Summary: A new study reveals adolescents who suffer from hay fever may be at higher risk of developing symptoms of anxiety and depression. Additionally, those with the allergy have lower resistance to stress, are more impulsive and exhibit more hostility, researchers report.
Although allergies affect more than 50 million Americans, they are occasionally misunderstood and can be seen as a minor condition. An article published in Annals of Allergy, Asthma and Immunology, the scientific journal of the American College of Allergy, Asthma and Immunology (ACAAI) shows allergies can have serious, far-reaching consequences, especially on adolescent sufferers.
“The emotional burden of hay fever can be huge for adolescents” says allergist Michael Blaiss, MD, ACAAI Executive Medical Director and study lead author. “Three of the studies in our review examined how adolescents are emotionally affected by hay fever (allergic rhinitis) and hay fever with eye allergies (allergic rhinoconjunctivitis). They found adolescents with hay fever had higher rates of anxiety and depression, and a lower resistance to stress. The adolescents also exhibited more hostility, impulsivity and changed their minds often.”
The article identified 25 studies that examined the effects of hay fever and hay fever with eye allergies in adolescents (10-17 years of age) and analyzed symptoms, impact on daily activities, emotional aspects, impact on sleep, educational burden and treatment burden.
“Our review highlights that allergy symptoms can be different in adolescents than in adults or children,” says Dr. Blaiss. “Lack of sleep or poor sleep are both huge issues for adolescents, and it can be made worse by the symptoms of hay fever with or without eye allergies. Poor sleep can have a negative impact on school attendance, performance and academic achievement.”
The studies indicated that hay fever with or without eye allergies can negatively impact aspects of daily life that include driving and reading ability and can have a negative effect on psychological function. Adolescents may be particularly vulnerable because they may be embarrassed by their symptoms, may be learning to drive and are at a crucial point in their school career.
“Adolescents aren’t ‘big children’ or ‘small adults,'” says Dr. Blaiss. “They have very specific needs, and allergists can help relieve symptoms that can cause suffering. Adolescence is an important developmental period and controlling symptoms can help with daily activities such as homework and sports practices.”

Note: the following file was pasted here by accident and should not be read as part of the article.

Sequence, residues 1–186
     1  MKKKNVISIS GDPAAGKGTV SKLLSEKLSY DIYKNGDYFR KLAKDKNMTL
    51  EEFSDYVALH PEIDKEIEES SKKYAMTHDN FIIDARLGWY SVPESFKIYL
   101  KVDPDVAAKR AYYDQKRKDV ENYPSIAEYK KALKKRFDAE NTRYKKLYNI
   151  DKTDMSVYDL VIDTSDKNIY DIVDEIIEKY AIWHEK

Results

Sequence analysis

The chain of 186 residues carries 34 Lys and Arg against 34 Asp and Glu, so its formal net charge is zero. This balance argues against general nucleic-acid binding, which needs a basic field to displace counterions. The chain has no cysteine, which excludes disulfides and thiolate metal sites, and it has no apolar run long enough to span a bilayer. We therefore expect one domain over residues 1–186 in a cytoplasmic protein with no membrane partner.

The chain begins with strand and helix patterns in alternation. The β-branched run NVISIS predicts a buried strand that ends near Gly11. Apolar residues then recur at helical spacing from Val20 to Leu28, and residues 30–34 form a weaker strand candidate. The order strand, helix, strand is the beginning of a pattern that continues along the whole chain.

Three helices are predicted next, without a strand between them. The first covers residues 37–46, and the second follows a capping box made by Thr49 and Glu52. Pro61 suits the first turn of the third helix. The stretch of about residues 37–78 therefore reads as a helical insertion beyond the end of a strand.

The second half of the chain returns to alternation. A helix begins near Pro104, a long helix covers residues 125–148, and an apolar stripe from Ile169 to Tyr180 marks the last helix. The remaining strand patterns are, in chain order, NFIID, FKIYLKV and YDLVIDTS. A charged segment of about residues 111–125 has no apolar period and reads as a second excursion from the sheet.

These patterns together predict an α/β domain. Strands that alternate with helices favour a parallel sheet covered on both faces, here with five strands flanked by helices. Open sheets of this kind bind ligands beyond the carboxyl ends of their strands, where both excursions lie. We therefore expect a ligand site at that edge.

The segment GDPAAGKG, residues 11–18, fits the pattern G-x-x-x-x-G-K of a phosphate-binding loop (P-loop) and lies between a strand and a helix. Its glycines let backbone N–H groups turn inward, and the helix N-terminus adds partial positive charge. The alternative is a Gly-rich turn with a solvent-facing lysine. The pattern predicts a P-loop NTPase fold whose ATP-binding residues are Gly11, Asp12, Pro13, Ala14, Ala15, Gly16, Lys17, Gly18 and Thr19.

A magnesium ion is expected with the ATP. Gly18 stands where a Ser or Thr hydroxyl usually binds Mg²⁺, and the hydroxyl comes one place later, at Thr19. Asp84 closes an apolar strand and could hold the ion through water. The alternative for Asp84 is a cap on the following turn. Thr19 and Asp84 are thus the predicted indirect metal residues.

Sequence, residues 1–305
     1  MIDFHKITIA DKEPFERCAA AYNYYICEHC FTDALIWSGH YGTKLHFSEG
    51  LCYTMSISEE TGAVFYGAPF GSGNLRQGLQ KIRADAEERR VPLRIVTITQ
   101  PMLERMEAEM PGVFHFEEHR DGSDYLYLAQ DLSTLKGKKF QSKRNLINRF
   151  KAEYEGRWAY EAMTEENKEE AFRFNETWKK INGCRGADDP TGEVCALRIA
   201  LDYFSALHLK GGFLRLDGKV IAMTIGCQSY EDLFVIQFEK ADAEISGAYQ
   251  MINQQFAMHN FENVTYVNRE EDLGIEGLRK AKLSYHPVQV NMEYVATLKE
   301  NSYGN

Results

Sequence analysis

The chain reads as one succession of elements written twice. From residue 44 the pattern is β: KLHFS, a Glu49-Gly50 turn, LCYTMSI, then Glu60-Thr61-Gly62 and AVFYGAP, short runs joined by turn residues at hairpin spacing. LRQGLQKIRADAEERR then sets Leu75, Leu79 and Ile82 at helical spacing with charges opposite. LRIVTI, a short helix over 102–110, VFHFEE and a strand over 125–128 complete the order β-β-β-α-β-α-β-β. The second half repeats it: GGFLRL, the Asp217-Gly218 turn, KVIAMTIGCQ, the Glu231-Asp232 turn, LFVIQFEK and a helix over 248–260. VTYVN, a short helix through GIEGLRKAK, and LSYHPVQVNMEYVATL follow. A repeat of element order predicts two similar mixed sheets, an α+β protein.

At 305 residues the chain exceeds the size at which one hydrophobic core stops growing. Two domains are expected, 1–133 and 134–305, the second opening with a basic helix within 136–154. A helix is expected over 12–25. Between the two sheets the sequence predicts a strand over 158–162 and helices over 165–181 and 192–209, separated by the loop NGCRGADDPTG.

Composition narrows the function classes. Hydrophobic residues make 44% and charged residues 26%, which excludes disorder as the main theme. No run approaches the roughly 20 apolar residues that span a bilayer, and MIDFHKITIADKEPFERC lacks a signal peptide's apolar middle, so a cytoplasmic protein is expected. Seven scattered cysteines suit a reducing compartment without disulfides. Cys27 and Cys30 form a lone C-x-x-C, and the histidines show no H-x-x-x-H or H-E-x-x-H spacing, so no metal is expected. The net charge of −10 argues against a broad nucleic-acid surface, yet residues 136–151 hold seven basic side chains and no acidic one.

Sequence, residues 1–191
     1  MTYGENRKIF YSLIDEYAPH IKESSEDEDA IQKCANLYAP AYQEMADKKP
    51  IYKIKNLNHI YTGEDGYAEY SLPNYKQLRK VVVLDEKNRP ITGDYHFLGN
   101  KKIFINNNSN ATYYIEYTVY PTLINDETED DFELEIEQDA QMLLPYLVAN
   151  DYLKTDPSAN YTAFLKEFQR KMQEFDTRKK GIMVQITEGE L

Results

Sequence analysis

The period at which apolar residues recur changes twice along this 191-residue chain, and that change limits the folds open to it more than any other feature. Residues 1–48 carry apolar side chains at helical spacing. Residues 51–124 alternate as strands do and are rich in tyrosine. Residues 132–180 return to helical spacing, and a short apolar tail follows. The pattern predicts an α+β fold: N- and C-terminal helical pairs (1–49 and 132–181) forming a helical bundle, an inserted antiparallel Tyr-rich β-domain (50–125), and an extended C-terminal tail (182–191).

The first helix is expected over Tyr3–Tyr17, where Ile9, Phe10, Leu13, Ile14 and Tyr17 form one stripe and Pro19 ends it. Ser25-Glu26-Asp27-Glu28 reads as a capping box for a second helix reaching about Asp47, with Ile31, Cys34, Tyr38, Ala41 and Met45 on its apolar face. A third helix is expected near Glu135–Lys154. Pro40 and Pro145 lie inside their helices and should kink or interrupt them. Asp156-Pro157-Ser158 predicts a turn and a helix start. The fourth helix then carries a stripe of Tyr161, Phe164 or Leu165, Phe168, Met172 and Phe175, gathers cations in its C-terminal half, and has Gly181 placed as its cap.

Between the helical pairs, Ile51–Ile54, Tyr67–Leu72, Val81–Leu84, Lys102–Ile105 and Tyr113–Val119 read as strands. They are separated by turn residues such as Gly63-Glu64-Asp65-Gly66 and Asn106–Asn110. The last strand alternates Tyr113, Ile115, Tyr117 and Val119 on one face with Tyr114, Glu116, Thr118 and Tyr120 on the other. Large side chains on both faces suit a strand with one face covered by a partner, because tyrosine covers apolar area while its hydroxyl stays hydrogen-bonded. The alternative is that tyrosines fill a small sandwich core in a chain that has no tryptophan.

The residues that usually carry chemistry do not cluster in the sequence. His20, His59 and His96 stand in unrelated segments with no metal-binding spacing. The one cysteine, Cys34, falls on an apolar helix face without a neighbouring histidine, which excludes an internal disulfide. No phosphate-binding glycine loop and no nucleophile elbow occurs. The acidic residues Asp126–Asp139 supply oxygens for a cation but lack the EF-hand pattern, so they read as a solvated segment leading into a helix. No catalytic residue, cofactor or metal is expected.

To find an allergist near you who can help create a personal plan to for your teen with allergies and asthma, use the ACAAI allergist locator.
Source: Hollis Heavenrich-Jones – ACAAI
Publisher: Organized by NeuroscienceNews.com.
Image Source: NeuroscienceNews.com image is adapted from the ACAAI news release.
Original Research: Open access research for “The burden of allergic rhinitis and allergic rhinoconjunctivitis on adolescents: a literature review” by Michael S. Blaiss, Eva Hammerby, Susan Robinson, Tessa Kennedy-Martin, and Sarah Buchs in Annals of Allergy, Asthma and Immunology. Published April 4 2018.
The burden of allergic rhinitis and allergic rhinoconjunctivitis on adolescents: a literature review
To evaluate the literature regarding the burden of allergic rhinitis (AR) and allergic rhinoconjunctivitis (ARC) in adolescents (10-19 years).
Searches were performed in MEDLINE, Embase, Health Technology Assessment Database, and National Health Service Economic Evaluation Database for studies evaluating concepts of symptoms, quality of life (QOL), daily activities, sleep, examination performance, school absenteeism and presenteeism, and treatment burden in adolescents with AR or ARC.
English-language journal articles indexed in the last 15 years describing non-interventional population-based studies. Records were assessed by 2 independent reviewers.
A total of 27 articles were identified; outcomes evaluated were: symptoms (n=6 studies), QOL (n=9), daily activities (n=5), emotional aspects (n=3), sleep (n=6), education (n=7), and treatment burden (n=2). AR symptoms rated most bothersome were rhinorrhea, nasal congestion, and itchy eyes. QOL was worse in adolescents with AR versus controls regardless of QOL instrument used. Nasal symptoms and nasal obstruction were more likely to be associated with poor QOL in adolescents than in adults or younger children, respectively. Daily functioning and sleep were also negatively impacted by AR. In addition, a detrimental effect on absenteeism, school productivity, and academic performance was reported.
Although AR and ARC are sometimes perceived as trivial conditions, this review indicates that their impact on adolescent life is negative and far-reaching. It is critical that clinicians gain a greater understanding of the unique burden of AR and ARC in adolescents to ensure they receive prompt and appropriate care and treatment in order to improve clinical and academic outcomes.